June 28, 2013

European food and drink industry heads towards zero fossil CO2 emissions

Campden BRI and the University of Newcastle upon Tyne are co-operating with organisations from Austria, Germany, Poland and Spain in an EU project to help the European food and beverage industry improve energy efficiency and reduce fossil carbon emissions, thus increasing competitiveness.

The project was launched in April 2013 and is co-funded by the Intelligent Energy Programme of the European Union. It mainly addresses dairies, bakeries, the meat industry, the fish industry, cereals, and animal feed, breweries and producers of fruit juice.

The project consortium will conduct 200 energy analyses in food and drink companies, looking at a company’s energy flows (especially the generation of heat and cold and their use in production processes) to determine possible measures for energy efficiency improvement, and options for using renewable energy sources – such as solar, thermal or biomass. From this group, 20 companies will be chosen for more detailed analysis, and five participants willing to implement measures within the project duration will be able to benefit from additional guidance. This is expected to lead to an actual emission reduction of 600 tons of fossil CO2 per year.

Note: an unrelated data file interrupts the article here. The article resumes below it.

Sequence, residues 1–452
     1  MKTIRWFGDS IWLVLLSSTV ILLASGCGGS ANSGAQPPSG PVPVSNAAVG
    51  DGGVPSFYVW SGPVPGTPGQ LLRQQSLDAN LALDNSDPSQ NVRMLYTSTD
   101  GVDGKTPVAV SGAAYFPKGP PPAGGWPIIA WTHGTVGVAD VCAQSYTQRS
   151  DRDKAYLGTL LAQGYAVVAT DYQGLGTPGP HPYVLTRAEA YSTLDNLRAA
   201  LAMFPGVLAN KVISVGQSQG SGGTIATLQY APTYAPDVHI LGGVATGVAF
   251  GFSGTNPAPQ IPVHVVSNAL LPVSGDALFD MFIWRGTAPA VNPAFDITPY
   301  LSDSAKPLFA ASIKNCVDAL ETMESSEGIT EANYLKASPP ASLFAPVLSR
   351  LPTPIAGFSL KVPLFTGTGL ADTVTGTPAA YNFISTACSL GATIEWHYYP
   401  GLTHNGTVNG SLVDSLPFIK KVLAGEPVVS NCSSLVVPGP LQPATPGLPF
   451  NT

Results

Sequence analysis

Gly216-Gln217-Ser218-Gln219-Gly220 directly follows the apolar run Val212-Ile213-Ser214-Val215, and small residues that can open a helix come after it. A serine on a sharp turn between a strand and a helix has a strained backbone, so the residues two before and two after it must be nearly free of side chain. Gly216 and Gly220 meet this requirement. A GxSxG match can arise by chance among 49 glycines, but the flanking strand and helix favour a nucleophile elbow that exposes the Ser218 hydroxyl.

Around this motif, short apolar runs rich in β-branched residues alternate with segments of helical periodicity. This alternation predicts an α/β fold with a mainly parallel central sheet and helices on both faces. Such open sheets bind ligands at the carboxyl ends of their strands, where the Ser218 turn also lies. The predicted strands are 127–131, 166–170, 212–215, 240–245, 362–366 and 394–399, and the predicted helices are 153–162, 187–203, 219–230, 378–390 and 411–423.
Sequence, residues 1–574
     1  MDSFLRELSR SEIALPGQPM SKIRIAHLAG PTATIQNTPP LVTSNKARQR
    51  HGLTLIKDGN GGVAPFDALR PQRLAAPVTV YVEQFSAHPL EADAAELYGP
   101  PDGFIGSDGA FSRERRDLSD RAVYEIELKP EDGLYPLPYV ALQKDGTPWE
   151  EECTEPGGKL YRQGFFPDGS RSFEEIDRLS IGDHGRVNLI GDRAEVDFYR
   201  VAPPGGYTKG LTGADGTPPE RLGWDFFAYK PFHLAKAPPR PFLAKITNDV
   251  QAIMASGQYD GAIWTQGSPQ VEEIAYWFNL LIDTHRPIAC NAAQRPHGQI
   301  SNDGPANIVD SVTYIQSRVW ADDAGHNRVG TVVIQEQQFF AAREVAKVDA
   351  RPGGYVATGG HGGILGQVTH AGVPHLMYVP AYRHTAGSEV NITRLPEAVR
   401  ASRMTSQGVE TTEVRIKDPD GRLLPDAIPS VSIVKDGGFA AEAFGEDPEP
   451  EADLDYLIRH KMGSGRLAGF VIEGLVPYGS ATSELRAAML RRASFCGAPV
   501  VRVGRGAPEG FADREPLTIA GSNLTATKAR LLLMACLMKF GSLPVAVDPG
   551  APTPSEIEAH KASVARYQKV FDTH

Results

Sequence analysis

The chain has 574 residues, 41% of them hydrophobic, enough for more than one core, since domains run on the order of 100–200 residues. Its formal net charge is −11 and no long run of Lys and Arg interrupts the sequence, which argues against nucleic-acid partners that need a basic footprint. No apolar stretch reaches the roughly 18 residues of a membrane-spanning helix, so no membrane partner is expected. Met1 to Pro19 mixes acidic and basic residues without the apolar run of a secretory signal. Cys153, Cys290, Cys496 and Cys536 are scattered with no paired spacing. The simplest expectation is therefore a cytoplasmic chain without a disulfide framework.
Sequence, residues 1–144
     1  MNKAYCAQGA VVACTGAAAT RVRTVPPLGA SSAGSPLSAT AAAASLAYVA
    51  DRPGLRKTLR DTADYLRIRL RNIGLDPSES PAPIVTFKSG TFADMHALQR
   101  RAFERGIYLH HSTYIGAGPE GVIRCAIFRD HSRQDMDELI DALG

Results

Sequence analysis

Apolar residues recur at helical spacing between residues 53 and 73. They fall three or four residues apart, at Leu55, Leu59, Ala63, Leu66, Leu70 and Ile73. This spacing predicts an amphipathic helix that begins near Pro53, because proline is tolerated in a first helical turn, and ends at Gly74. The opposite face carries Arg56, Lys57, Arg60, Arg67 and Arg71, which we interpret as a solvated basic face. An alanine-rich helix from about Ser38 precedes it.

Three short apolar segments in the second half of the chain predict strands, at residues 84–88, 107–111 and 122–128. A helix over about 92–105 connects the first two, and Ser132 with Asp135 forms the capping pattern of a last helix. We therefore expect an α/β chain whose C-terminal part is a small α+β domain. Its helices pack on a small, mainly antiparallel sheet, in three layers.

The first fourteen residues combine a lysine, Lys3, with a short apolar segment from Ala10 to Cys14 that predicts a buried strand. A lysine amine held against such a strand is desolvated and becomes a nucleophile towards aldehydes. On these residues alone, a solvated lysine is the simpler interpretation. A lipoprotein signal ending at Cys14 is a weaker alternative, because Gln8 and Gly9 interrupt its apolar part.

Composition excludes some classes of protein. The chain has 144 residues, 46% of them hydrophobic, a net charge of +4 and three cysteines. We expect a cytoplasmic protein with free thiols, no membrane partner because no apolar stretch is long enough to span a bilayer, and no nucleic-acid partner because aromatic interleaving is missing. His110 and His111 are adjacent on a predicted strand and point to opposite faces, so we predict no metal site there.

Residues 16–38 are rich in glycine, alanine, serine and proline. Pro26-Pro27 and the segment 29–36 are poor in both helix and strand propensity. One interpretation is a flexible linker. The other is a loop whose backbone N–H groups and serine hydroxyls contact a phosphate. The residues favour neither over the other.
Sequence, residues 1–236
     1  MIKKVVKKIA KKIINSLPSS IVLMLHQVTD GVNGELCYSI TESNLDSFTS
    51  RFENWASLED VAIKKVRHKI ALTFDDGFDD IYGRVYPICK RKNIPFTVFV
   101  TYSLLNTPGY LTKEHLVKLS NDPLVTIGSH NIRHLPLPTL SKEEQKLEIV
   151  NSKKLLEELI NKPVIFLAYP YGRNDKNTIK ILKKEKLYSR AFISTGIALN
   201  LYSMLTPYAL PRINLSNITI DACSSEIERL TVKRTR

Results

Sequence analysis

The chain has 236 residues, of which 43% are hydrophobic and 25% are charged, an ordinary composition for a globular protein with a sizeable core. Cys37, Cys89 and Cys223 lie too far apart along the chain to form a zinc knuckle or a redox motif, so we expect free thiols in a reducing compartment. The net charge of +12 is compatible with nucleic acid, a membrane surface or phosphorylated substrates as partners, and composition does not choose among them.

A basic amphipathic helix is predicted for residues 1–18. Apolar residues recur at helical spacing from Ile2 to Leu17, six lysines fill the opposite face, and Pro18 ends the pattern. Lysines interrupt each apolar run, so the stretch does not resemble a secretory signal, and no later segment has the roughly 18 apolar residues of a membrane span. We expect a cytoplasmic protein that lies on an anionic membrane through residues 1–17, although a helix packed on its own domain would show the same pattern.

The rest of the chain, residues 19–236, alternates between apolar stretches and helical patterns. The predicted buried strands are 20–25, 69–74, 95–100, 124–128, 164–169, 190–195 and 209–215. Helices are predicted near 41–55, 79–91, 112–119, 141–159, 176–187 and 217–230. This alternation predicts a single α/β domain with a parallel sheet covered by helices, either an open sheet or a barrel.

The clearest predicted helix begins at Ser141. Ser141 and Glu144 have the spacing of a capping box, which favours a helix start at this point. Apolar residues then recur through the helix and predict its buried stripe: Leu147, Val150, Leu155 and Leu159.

The consortium will combine technological expertise of food and drink production with knowledge on energy efficiency and renewable resources to help users identify tailor-made solutions for optimising their processes and energy supply. At the core will be a calculation tool for balancing and optimising energy and material flow, which will incorporate the calculation of primary energy use and CO2 emissions, heat integration, use of efficiency and renewable energy technologies, calculation of profitability and the assessment of suitable process technologies. These calculations will be supported by guidelines for implementation and long lasting energy management in SMEs.

The consortium will also address the question of funding mechanisms, as lack of financing is often a barrier for the uptake of innovative technologies to harness renewable energy sources or the implementation of energy efficiency measures, especially for SMEs.

Challah (Photo credit: Wikipedia)
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